How to Automatically Sync Subtitles with Video using Machine Learning

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This is a simple tutorial to explain how to sync subtitles automatically on MAC using machine learning. There is a free command line tool called, Subsync that lets you do that. It uses some deep learning approach to fix the supplied subtitle file. It actually takes a video from you along with a SRT file to correct it. In output, it produces synced SRT file that you can play with your video in any video player you like that supports external subtitle files. You just have to run a simple command and it will produce the output depending on the size of the supplied video. In my case, it was able to sync subtitles for the whole movie file that I used for testing.

There are subtitle maker software out there that you can use to do the same. But in those tools, you have to manually sync the subtitles by adding delays and shifts. But Subsync here is an intelligent tool to do the same without your interference. It analyzes the dialogues in the video file and then calculates the correct time to shift the subtitles to properly sync them. In the terminal window, you can see the process and it even shows you the amount of time in seconds that needs to be used as offset to sync the subtitles. In addition to this, this tool relies on FFmpeg so you will have to make sure that it is installed on your MBP.

How to Automatically Sync Subtitles with Video using Machine Learning

How to Automatically Sync Subtitles with Video using Machine Learning?

Using this tool on your MAC is very simple. You just need to have a little experience with the terminal. Make sure that Homebrew is updated and then install FFmpeg. After that, proceed with installation of Subsync.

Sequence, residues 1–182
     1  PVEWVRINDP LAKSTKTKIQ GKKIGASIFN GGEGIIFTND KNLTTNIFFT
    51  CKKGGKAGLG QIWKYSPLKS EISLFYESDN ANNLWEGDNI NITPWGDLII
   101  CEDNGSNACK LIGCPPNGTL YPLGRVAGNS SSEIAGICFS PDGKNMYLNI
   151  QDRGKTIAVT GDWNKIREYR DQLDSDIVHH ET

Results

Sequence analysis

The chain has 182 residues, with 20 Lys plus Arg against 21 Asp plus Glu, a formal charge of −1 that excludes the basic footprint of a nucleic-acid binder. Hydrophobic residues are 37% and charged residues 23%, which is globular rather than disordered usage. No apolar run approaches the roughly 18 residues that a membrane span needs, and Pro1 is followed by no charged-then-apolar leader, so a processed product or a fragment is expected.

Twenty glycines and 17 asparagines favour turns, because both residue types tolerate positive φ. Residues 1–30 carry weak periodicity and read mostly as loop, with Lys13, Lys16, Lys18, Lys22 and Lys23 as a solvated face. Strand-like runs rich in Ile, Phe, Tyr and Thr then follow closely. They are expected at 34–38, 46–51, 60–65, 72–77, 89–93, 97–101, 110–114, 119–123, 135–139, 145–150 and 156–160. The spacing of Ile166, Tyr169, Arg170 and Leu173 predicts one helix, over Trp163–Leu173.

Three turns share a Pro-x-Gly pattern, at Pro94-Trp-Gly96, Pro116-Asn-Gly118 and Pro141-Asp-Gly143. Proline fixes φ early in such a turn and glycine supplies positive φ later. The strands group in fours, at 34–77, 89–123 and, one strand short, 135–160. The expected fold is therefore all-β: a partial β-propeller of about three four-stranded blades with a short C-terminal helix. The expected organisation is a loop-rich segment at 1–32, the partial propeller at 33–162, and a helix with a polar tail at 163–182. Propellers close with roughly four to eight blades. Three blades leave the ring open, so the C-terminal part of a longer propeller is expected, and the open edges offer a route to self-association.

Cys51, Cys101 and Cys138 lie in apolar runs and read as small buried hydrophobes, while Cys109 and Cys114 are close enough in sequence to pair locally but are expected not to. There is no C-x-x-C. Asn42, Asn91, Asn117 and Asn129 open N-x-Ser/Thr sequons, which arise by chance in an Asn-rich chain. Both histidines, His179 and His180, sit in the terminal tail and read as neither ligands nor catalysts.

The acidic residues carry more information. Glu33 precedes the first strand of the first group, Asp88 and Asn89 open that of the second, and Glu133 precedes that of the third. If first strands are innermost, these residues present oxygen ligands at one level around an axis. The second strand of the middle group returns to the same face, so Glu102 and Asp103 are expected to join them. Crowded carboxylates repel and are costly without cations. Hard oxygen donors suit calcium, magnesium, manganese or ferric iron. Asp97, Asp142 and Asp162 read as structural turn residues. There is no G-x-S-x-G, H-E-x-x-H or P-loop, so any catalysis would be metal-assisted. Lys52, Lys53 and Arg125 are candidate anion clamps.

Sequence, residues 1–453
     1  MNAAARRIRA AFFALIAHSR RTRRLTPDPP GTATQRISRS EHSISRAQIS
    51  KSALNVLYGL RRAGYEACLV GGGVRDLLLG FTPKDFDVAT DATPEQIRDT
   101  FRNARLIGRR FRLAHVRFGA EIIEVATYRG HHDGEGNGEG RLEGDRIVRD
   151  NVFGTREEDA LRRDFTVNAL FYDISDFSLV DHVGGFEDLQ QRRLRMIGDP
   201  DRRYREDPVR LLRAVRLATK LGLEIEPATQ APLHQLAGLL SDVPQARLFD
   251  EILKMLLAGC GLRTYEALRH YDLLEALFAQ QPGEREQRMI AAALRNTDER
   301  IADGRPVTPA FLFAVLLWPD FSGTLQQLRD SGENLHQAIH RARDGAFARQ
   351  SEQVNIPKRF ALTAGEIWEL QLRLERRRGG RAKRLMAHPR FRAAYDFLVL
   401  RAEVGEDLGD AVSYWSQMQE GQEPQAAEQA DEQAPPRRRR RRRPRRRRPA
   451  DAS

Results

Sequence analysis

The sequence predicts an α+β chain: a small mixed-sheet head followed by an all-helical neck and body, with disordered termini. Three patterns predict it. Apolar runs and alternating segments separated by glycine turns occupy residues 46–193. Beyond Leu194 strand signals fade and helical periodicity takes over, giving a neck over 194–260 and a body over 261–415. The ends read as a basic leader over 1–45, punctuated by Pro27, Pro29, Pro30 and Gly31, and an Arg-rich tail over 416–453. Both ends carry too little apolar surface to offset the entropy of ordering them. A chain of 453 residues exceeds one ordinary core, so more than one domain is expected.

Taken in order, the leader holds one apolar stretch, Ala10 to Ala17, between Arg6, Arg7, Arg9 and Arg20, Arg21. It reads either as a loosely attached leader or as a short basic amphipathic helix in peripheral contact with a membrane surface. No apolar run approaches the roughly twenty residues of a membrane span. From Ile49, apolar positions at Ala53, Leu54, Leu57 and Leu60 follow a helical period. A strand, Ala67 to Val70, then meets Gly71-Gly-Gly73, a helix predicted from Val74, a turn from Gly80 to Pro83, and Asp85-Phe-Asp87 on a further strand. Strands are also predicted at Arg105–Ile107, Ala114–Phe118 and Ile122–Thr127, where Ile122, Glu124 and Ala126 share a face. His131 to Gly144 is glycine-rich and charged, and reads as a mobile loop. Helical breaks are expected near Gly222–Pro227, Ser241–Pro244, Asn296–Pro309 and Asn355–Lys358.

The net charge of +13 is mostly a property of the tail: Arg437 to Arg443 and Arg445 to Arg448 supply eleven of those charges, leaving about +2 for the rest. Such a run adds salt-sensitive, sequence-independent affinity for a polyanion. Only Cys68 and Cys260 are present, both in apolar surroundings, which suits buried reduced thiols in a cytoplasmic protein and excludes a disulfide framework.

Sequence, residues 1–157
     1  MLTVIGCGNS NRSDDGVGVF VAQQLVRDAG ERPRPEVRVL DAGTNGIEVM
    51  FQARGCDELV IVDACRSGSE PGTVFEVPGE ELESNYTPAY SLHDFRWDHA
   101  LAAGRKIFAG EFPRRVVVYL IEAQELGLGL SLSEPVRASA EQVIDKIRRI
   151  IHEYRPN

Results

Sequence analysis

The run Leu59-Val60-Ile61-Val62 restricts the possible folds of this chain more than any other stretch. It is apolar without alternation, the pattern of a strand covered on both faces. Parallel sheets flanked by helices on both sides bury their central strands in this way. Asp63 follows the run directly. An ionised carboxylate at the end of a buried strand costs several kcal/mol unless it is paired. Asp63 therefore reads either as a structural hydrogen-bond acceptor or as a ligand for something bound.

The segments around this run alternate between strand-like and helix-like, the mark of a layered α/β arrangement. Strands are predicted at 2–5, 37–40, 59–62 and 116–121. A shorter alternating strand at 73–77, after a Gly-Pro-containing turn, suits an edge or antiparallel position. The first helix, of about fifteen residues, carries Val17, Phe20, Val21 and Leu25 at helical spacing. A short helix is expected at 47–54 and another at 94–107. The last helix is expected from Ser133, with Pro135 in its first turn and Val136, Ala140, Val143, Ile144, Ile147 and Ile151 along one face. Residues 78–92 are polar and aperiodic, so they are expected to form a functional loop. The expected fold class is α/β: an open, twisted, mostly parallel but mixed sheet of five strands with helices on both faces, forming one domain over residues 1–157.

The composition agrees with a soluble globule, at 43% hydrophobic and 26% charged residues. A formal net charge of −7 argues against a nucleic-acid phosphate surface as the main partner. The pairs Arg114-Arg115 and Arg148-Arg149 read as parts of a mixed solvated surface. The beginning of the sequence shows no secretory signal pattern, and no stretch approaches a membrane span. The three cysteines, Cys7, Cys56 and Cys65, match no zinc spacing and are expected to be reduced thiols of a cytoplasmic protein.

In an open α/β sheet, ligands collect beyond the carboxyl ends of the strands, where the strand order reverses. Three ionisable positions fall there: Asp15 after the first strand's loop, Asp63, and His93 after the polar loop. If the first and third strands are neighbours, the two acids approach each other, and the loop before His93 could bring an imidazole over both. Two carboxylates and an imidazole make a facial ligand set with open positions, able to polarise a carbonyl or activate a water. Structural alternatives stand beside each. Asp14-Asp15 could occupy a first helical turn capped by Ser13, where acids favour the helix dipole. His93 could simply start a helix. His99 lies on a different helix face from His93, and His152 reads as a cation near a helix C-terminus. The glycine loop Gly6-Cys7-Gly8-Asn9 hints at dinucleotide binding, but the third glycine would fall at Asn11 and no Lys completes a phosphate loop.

Execute the following command to install Subsync. After this command finishes successfully, you are free to use this tool.

sudo pip3 install git+

Install Subsync in MAC via PIP

Now, navigate to the folder in terminal where the video and incorrect subtitle file is. Simply run the command in the following syntax and then wait for the process to finish. In the end, you will see the calculated offset in the terminal window and it will save the corrected subtitle file in the same folder.

Syntax: subsync "Input Video" -i "UnSynced Subtitle File" -o "Synced Subtitle File"

Examplesubsync Sample.mp4 -i -o

Subsync in action

The above command will take some time based on the input file size. In my case it took around 4-5 minutes to process a video file of size 1.2GB and 130 minutes in length. You can simply copy the synced subtitles file from the folder and then do whatever you want. Currently, it supports English only

Final words

If you want to auto-magically synchronize subtitle of a video file then the above mentioned tool does a great job. You just have to get ready the input files and then leave the rest on this tool. It hardly takes a few minutes to sync subtitles. Also, as it is a open source command line tool so you can use it to batch sync subtitles with video. Just create a batch file with name of videos and corresponding subtitle files to fix.

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